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Charlotte Amalie
Tuesday, May 24, 2022
HomeNewsArchivesCoquito Festival Draws Big Crowd

Coquito Festival Draws Big Crowd

Hundreds of people packed the parking lot of La Reine Chicken Shack on Saturday, for a taste of some of St. Croix’s best holiday drinks at the fourth annual Coquito Festival. The festival brought 14 vendors together with bottles of homemade Coquito, all hoping to win the top prize for the best drink.

The festival began in 2007, and is the brain child of the Chicken Shack’s co-owner, Angel Diaz, who wanted to do something to give back to the community. Since 2002, the restaurant has always provided a Christmas party for children, where 100 kids get the chance to take home presents from Santa with free raffle tickets, but Diaz wanted to expand the party.

This year, Stanley & the Ten Sleepless Knights jammed on the huge stage in the parking lot, while customers drank, children danced, and vendors tried to get people to buy their homemade concoctions.

“The main reason we started this was on behalf of the community. With live entertainment and Santa Claus, it’s just our way of giving back and telling the community thank-you,” Diaz said.

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Coquito is a rich, intoxicating adaptation of the traditional eggnog that stems from a long tradition in Puerto Rico. The drink is usually made with rum, coconut, nutmeg, cinnamon, cloves, and condensed milk, along with various secret ingredients. Sometimes there are other milk products, or egg yolks, and the drink is usually thick and creamy and can be either spicy or sweet.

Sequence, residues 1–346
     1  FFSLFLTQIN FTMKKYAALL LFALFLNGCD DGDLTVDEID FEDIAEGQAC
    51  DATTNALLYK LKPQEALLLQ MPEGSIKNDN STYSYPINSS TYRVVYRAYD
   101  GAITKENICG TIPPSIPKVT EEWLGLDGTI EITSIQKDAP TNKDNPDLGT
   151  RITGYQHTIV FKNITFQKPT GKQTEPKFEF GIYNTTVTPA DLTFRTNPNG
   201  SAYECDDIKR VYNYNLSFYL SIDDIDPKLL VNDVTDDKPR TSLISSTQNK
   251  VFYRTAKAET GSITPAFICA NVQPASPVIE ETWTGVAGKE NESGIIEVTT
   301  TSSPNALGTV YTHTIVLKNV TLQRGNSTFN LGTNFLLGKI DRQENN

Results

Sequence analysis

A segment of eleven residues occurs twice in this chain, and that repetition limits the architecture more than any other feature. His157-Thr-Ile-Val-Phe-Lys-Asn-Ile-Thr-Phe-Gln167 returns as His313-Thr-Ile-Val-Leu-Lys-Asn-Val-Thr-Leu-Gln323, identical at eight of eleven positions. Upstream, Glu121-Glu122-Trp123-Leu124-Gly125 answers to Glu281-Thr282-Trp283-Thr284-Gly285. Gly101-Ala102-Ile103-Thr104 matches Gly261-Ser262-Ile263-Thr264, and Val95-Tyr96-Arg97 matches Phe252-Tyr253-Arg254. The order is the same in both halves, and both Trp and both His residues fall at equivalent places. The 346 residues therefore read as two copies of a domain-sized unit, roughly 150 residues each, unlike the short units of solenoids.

Jonathan Small, who won the first place prize last year, had dozens of his sealed bottles of homemade “Cockito” for sell. Small said he spent two years in Puerto Rico at the university and just started making the beverage as a hobby five years ago, perfecting the recipe each year. Customers described it as sweet and creamy with an aftertaste that had a zing of cinnamon.

Delia Delgado makes it every year for Christmas and said that she loved having the opportunity to make the drink for the festival, so that others could try her recipe. Plus, every little bit helps, she said, referring to the economy.